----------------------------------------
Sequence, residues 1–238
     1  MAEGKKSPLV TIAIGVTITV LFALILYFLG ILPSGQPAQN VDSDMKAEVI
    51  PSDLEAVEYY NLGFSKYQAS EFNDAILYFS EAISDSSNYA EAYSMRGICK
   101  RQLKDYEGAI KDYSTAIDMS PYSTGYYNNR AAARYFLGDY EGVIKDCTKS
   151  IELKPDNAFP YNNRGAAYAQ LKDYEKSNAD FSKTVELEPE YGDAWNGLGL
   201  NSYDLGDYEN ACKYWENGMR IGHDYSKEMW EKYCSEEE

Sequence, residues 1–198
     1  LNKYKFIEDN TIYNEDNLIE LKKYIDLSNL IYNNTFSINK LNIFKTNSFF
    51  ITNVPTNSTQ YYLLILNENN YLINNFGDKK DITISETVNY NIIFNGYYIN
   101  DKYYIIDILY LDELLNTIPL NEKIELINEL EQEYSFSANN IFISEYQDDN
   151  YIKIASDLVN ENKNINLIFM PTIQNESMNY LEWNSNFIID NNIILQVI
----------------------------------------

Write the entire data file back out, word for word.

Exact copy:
Sequence, residues 1–238
     1  MAEGKKSPLV TIAIGVTITV LFALILYFLG ILPSGQPAQN VDSDMKAEVI
    51  PSDLEAVEYY NLGFSKYQAS EFNDAILYFS EAISDSSNYA EAYSMRGICK
   101  RQLKDYEGAI KDYSTAIDMS PYSTGYYNNR AAARYFLGDY EGVIKDCTKS
   151  IELKPDNAFP YNNRGAAYAQ LKDYEKSNAD FSKTVELEPE YGDAWNGLGL
   201  NSYDLGDYEN ACKYWENGMR IGHDYSKEMW EKYCSEEE

Sequence, residues 1–198
     1  LNKYKFIEDN TIYNEDNLIE LKKYIDLSNL IYNNTFSINK LNIFKTNSFF
    51  ITNVPTNSTQ YYLLILNENN YLINNFGDKK DITISETVNY NIIFNGYYIN
   101  DKYYIIDILY LDELLNTIPL NEKIELINEL EQEYSFSANN IFISEYQDDN
   151  YIKIASDLVN ENKNINLIFM PTIQNESMNY LEWNSNFIID NNIILQVI